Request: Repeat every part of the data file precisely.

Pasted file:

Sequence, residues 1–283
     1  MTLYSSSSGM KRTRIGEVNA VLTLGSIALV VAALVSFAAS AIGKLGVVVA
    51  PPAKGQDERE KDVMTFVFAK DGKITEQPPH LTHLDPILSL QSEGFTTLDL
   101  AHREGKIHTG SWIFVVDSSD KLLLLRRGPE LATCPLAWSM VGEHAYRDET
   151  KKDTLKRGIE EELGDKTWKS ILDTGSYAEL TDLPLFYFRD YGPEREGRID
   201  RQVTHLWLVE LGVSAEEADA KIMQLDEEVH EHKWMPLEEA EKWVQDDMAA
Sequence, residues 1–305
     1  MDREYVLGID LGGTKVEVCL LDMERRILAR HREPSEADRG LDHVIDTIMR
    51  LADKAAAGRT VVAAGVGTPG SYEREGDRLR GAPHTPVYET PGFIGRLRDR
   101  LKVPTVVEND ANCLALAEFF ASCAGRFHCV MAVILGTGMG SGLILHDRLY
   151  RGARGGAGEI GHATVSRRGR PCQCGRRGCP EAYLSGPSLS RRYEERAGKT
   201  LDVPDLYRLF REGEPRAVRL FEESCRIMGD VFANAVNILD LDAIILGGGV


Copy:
Sequence, residues 1–283
     1  MTLYSSSSGM KRTRIGEVNA VLTLGSIALV VAALVSFAAS AIGKLGVVVA
    51  PPAKGQDERE KDVMTFVFAK DGKITEQPPH LTHLDPILSL QSEGFTTLDL
   101  AHREGKIHTG SWIFVVDSSD KLLLLRRGPE LATCPLAWSM VGEHAYRDET
   151  KKDTLKRGIE EELGDKTWKS ILDTGSYAEL TDLPLFYFRD YGPEREGRID
   201  RQVTHLWLVE LGVSAEEADA KIMQLDEEVH EHKWMPLEEA EKWVQDDMAA
Sequence, residues 1–305
     1  MDREYVLGID LGGTKVEVCL LDMERRILAR HREPSEADRG LDHVIDTIMR
    51  LADKAAAGRT VVAAGVGTPG SYEREGDRLR GAPHTPVYET PGFIGRLRDR
   101  LKVPTVVEND ANCLALAEFF ASCAGRFHCV MAVILGTGMG SGLILHDRLY
   151  RGARGGAGEI GHATVSRRGR PCQCGRRGCP EAYLSGPSLS RRYEERAGKT
   201  LDVPDLYRLF REGEPRAVRL FEESCRIMGD VFANAVNILD LDAIILGGGV